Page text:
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John O's Fiat Insanity

DC Fiats Weber t-shirt

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Application Guide

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They're showing up all over ...not just on Fiats ...and not just on Italian rides.

First, a little background

Our dcfiats.org text logos are not water-slide decals, so use no water. They are like a self-adhesive sticker, but a little more sophisticated. These are actually professional sign grade, computer cut, self-adhesive vinyl letters.  As you receive them, the vinyl letters are sandwiched between a carrier/transfer paper and a peal-away paper backing. The base vinyl and process colors are UV resistant for exterior signage use and have a "high performance" guarantee for something like 5 years, but usually last way longer. Unlike the cheapy decals/stickers other car clubs produce, ours won't fade in one Summer's worth of driving and will probably outlast the car its on.

Application Directions:

Put a small strip of tape along the top edge of the graphic's top sheet for temporary placement on the glass - the pencil lines on the carrier paper will help with this.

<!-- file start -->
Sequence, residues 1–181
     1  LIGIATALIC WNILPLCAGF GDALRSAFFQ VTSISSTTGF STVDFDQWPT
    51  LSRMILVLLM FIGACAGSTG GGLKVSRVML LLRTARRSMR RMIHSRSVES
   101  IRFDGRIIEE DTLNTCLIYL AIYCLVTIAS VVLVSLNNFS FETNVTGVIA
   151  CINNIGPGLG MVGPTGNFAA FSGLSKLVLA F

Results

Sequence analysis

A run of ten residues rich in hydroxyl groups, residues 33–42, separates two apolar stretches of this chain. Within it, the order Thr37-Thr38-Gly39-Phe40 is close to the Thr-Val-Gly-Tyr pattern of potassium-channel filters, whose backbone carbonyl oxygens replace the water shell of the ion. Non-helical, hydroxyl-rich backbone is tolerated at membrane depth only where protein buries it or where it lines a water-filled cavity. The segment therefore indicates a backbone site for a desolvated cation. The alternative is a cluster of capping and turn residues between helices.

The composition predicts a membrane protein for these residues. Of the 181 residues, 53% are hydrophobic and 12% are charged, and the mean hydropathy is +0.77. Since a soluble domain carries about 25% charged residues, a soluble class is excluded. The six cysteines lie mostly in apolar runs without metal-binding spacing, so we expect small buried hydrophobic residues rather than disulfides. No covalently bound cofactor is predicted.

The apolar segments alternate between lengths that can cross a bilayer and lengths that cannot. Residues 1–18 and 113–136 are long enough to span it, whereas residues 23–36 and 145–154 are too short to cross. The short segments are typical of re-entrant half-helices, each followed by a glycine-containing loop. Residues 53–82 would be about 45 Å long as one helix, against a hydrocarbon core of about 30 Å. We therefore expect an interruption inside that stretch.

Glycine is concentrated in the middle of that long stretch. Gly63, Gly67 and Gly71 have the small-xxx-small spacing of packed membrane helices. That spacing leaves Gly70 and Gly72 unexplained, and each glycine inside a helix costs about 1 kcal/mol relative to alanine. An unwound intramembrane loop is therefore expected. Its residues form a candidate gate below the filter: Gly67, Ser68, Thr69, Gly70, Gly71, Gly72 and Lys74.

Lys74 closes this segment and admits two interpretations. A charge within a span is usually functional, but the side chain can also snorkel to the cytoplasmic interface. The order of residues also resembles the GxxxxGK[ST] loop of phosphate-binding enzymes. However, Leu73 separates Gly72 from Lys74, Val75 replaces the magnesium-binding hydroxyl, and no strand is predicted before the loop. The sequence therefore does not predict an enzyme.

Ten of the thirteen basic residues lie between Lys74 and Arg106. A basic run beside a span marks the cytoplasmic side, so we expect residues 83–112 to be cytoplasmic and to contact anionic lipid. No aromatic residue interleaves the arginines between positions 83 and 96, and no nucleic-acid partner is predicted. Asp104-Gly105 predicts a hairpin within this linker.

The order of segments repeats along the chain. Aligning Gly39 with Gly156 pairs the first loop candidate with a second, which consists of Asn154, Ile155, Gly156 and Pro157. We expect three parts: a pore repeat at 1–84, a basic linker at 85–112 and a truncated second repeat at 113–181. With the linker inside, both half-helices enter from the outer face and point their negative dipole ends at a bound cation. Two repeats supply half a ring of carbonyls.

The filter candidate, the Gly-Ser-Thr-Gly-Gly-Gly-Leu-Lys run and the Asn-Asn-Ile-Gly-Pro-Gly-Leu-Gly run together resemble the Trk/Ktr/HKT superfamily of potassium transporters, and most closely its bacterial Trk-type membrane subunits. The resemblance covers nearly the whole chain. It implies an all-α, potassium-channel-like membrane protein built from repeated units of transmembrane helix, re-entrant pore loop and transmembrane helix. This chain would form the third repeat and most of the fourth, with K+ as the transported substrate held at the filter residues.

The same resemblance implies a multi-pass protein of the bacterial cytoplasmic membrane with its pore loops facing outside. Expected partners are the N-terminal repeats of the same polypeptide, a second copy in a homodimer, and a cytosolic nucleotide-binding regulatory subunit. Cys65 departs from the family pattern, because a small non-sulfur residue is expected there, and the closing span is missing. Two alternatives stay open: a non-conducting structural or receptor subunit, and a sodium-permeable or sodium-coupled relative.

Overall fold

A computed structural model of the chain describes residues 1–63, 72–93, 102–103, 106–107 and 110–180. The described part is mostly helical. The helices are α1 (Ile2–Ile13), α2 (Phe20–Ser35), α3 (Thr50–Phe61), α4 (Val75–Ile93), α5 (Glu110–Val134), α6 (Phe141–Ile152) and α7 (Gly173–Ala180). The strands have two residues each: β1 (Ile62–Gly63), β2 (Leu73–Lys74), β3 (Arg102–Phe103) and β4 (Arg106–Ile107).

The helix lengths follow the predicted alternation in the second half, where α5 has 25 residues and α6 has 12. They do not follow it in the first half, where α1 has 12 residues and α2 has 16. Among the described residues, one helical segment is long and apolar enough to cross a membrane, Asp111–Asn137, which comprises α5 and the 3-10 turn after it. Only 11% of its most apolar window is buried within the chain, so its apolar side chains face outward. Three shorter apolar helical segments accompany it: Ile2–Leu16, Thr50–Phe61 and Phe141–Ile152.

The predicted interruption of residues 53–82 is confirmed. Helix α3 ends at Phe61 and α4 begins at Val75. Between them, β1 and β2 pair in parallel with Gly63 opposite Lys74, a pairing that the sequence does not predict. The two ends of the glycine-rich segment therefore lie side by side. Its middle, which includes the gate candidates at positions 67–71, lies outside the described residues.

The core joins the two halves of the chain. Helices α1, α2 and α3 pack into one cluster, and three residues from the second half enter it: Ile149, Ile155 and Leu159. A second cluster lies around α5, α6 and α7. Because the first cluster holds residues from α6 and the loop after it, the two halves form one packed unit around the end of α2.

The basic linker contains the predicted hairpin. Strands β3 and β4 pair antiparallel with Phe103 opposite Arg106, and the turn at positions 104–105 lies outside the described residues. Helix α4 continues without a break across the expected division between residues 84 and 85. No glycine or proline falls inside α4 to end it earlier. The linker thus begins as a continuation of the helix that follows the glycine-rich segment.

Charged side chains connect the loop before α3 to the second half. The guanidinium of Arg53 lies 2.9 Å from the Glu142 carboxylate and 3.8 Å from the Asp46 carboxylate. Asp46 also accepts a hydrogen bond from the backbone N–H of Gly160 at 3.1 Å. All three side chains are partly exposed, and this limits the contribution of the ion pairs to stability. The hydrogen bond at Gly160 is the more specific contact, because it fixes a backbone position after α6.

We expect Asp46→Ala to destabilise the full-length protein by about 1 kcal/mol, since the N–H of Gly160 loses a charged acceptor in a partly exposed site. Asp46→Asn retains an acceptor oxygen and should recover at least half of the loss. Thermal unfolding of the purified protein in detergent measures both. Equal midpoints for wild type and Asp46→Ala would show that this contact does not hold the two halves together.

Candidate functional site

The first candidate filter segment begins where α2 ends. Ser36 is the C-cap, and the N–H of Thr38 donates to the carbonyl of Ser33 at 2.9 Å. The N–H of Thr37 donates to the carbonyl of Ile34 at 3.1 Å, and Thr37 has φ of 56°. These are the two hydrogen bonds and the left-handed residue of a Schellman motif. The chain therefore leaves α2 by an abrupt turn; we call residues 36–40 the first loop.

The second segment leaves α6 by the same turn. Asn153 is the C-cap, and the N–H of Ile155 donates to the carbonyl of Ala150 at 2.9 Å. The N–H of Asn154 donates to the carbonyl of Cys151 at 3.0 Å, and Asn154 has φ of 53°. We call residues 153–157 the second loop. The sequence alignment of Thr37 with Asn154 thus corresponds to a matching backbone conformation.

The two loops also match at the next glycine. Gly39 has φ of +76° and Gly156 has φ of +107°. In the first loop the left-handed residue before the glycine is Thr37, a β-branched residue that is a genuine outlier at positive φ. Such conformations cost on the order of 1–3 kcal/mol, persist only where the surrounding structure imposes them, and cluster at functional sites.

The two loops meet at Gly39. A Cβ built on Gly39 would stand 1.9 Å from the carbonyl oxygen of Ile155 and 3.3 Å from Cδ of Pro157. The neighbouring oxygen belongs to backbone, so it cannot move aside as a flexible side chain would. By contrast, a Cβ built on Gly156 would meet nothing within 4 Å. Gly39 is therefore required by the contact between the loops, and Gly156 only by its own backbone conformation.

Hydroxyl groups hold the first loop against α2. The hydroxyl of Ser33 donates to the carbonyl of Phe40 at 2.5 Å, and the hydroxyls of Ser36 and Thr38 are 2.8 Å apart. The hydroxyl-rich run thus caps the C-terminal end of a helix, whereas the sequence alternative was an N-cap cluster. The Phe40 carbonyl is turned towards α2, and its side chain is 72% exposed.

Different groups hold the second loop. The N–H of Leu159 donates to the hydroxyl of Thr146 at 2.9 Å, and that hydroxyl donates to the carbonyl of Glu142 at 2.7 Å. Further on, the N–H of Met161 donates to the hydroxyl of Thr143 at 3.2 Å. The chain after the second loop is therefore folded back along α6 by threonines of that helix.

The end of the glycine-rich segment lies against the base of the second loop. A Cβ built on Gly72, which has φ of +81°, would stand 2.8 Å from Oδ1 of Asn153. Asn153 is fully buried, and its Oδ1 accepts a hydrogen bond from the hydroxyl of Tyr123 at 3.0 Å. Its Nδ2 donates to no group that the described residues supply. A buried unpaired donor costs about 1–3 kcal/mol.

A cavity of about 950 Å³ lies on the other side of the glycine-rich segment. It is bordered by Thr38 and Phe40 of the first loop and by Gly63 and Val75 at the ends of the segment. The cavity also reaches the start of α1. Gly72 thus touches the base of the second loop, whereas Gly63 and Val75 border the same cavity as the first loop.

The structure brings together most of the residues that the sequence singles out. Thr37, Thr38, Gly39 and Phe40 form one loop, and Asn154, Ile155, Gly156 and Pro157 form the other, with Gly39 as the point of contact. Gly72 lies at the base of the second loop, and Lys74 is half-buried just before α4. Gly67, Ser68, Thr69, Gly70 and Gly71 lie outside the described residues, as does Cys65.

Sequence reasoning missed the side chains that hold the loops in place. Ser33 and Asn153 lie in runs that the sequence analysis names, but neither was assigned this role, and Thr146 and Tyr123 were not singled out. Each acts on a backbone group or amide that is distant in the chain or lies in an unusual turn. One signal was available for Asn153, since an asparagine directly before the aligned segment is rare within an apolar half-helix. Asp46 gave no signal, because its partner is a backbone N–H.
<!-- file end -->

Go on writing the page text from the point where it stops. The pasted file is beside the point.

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Clean the glass or painted surface where you're going apply the vinyl graphic with Windex.

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Temporarily tape the vinyl graphic in the desired location on the glass.

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Using the tape as sort of a hinge, flip the graphic up off the glass.

Weber_Shirt_Black_Final.jpg

Carefully peal away the backing paper to expose the adhesive face of the vinyl graphic.

 

 

 

 

Past this point, there is no going back. Once placed against the glass, the graphic cannot be repositioned. It can only be removed with a razor blade or a vinyl adhesive solvent.

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Carefully swing the graphic back down, allowing it only to touch the glass at the center.

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Working from the center out to avoid capturing any air bubbles, gently smooth it down with your fingers.

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Once the carrier and the vinyl graphic are in place against the glass with no air bubbles, use a hard plastic item such as a magic marker body or a the side of a pen knife to burnish over top of the graphic.

Then slowly peal back the transfer paper at a sharp angle, policing for edges or pieces of the graphic which did not stick properly to the glass.

 

 

 

 

That should be about it. Sounds more complicated than it is.

Any questions or problems feel free to E-MAIL ME.
 
John O.

Created 3 June 2005

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